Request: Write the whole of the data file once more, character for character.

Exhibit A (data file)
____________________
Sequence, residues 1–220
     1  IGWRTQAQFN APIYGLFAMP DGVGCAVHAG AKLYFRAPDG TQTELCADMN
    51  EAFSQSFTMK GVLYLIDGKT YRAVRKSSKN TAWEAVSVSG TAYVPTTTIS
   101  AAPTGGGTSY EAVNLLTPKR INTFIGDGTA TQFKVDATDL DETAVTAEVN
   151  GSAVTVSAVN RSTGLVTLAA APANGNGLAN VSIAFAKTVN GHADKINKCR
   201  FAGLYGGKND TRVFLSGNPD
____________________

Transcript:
Sequence, residues 1–220
     1  IGWRTQAQFN APIYGLFAMP DGVGCAVHAG AKLYFRAPDG TQTELCADMN
    51  EAFSQSFTMK GVLYLIDGKT YRAVRKSSKN TAWEAVSVSG TAYVPTTTIS
   101  AAPTGGGTSY EAVNLLTPKR INTFIGDGTA TQFKVDATDL DETAVTAEVN
   151  GSAVTVSAVN RSTGLVTLAA APANGNGLAN VSIAFAKTVN GHADKINKCR
   201  FAGLYGGKND TRVFLSGNPD